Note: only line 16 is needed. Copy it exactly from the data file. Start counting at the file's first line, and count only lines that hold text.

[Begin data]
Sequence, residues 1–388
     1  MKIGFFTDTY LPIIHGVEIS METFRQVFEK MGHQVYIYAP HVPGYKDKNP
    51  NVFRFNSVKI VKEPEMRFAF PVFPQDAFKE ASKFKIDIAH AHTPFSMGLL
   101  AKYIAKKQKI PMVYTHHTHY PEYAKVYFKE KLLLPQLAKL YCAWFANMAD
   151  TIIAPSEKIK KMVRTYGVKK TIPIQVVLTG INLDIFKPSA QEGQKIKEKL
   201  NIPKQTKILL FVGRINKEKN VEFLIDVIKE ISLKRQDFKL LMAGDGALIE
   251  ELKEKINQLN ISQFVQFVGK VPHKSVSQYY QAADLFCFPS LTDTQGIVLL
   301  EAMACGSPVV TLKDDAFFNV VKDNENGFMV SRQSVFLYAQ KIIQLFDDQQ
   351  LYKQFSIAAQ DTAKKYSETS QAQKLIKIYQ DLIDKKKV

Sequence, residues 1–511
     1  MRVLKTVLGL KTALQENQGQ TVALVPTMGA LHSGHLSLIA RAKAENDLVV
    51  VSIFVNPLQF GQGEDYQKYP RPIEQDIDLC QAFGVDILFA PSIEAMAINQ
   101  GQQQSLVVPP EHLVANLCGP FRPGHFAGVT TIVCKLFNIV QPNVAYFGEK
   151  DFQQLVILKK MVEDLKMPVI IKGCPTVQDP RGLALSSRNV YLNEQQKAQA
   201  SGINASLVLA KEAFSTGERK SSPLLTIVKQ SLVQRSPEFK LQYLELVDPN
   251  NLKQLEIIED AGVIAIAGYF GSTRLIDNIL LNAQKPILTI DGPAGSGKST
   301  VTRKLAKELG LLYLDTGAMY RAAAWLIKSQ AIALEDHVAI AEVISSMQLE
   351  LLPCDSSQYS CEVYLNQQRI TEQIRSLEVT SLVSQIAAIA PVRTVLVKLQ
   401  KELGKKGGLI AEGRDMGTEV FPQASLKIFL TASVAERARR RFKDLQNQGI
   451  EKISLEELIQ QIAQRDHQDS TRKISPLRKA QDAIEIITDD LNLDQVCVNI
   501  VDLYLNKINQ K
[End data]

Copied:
   251  NLKQLEIIED AGVIAIAGYF GSTRLIDNIL LNAQKPILTI DGPAGSGKST